Japan–Serbia relations


Japanese-Serbian relations are the bilateral relations between the countries of Japan and Serbia. Both countries have signed diplomatic missions on May 20, 1997. Japan has an embassy in Belgrade and subsequently, Serbia has an embassy in Tokyo and an honorary consulate in Osaka.

Japanese-Serbian relations

Japan

Serbia

History


In the late 19th century, Japan had emerged from a small, weak island state to the Empire, while Serbia gained independence from the Ottoman Empire and established the Kingdom of Serbia. Through Russia, Serbia had started to set up relations with Japan. However, before 1914, both countries did not have any official relations.

World War I

At World War I, after the Serbian resistance regarding the Austro-Hungarian Army invading Serbia, Japan announced war on the Central Powers in late 1914. From here, Japan began to send aid, materials and supplies to Serbia through the Mediterranean Sea and Russia, growing the relationship between the two countries. Japan also opposed what they called "brutal occupation" by the Austrians and Bulgarians after they invaded Serbia in 1915. After then, Japan focused their actions mainly in Asia.

World War II

However, in World War II, Serbia now became the Kingdom of Yugoslavia. Japan had supported Germany and its ally, making the relationship between the two drop to the lowest point in its history. Yugoslav officials in Japan were expelled out of Japan, as Japan was a part of the Axis. From there, the struggling relations between Japan and Serbia started, with much hostility between both.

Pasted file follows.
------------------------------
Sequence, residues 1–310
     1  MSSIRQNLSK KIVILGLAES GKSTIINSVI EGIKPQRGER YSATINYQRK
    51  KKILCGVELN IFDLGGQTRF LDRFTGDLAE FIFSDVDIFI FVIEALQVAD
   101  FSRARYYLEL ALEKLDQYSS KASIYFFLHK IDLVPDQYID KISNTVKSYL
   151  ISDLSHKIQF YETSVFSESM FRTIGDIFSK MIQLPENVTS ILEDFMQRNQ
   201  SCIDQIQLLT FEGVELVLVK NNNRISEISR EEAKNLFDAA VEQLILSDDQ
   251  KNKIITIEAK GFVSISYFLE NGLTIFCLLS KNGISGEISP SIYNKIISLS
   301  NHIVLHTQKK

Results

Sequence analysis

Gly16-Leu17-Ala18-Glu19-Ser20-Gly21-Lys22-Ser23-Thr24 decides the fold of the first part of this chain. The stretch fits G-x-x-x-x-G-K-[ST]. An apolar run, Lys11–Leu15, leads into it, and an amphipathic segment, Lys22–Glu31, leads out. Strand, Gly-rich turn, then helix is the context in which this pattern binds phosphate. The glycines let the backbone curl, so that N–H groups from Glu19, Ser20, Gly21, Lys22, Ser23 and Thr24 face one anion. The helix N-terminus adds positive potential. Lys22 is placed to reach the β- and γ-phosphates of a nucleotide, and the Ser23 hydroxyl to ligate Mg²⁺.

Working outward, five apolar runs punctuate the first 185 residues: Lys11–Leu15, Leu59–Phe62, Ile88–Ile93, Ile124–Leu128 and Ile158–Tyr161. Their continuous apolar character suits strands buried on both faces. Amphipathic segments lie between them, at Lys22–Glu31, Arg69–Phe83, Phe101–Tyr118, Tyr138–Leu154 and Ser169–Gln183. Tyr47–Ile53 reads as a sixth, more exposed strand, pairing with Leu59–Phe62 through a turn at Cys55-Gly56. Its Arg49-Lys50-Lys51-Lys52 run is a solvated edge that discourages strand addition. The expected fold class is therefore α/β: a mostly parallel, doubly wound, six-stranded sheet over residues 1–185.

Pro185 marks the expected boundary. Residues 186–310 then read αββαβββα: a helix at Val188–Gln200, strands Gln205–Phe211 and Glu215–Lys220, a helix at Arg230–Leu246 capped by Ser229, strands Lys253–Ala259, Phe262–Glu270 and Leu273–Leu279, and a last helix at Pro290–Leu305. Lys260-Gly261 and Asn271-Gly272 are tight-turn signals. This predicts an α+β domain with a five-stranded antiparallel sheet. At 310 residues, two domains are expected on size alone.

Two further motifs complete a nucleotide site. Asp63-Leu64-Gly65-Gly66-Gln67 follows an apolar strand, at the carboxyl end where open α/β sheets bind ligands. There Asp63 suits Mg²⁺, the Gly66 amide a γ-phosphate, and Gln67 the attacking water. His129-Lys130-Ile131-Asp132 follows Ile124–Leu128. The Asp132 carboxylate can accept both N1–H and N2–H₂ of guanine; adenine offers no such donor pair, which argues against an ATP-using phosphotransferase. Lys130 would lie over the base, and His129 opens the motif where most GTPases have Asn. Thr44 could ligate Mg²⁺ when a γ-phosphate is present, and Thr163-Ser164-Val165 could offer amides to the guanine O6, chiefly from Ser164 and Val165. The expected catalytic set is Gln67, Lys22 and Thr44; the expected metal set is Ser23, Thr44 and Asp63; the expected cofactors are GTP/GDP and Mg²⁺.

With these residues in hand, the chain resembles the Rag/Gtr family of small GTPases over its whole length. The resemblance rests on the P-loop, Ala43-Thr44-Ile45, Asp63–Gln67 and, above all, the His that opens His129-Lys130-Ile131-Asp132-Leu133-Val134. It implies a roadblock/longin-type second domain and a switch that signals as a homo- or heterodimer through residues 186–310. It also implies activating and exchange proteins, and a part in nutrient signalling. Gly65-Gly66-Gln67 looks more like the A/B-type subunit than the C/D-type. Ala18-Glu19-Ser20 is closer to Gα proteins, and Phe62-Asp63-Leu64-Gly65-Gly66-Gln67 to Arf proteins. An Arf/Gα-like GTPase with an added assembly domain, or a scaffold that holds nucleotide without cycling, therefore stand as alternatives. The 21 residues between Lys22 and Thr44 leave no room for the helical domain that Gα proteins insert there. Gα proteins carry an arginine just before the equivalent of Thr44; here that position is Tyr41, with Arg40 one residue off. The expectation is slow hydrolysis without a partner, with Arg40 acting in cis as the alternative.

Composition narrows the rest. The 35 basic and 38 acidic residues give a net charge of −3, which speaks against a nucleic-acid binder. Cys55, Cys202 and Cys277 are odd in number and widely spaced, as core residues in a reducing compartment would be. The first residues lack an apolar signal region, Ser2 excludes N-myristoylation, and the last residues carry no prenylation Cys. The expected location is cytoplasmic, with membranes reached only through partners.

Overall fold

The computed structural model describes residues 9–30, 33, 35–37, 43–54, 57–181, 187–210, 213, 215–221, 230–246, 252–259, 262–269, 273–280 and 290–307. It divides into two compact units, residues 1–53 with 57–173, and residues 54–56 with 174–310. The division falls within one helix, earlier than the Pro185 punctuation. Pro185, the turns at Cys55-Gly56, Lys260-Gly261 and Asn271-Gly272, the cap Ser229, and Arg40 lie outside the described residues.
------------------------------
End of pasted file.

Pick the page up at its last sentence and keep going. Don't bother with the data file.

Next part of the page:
Until Japan's surrender at 1945, Japan and Serbia kept a negative view of each-other.

Yugoslavia–Japan relations

Josip Broz Tito assumed power after the collapse of the Kingdom and quickly restored back relations with Japan, which was now crumbling. Tito was seen as friendly and good with Japan, as Tito, unlike other Communist leaders, did not side with anyone at that time. Japan and Yugoslavia signed their first treaty of friendship in the late 1950s, and their relations until the collapse of Yugoslavia in 1991 were spectacular.

Modern Serbia-Japan relations

Despite having a long and quality relations with Serbia, Japan, however, also had supported the independence of the disputed territory of Kosovo.[a]

Trade and aid


Japan is considered one of Serbia's most important trading partners in Asia.[1] One of the most notable interactions between the two countries took place in 2003 when Japan donated 93 city buses to the city of Belgrade.[2]

In late 2020 a foundation stone for a Japanese factory of tires was laid in Inđija, with the total investment being 382 million euros.[3]

Japanese influence on Serbian life

There are a large amount of Serbian expats in Japan, most of them being football players who seek careers in Japan.

There are also references to Serbians in Japanese entertainment in areas such as anime and manga. For example, the character Irina Jelavić from Assassination Classroom is of Serbian descent. Even though Japan was an ally with Croatia and Bulgaria during World War II, many of Japanese citizens still regard Serbia as a major ally in the region. [citation needed]

The famous Serbian slogan "Srbija do Tokija" also attracts many Japanese people on discovering Serbian history. [citation needed]

Miscellaneous


The most recent census data records 86 Japanese nationals living in Serbia.[4]

In November 2003, the Japanese Commercial Forum in Serbia and Montenegro was founded.

See also


Notes


a.   ^ Kosovo is the subject of a territorial dispute between the Republic of Kosovo and the Republic of Serbia. The Republic of Kosovo unilaterally declared independence on 17 February 2008. Serbia continues to claim it as part of its own sovereign territory. The two governments began to normalise relations in 2013, as part of the 2013 Brussels Agreement. Kosovo is currently (this note self-updates) recognized as an independent state by 98 out of the 193 United Nations member states. In total, 113 UN member states recognized Kosovo at some point, of which 15 later withdrew their recognition.

References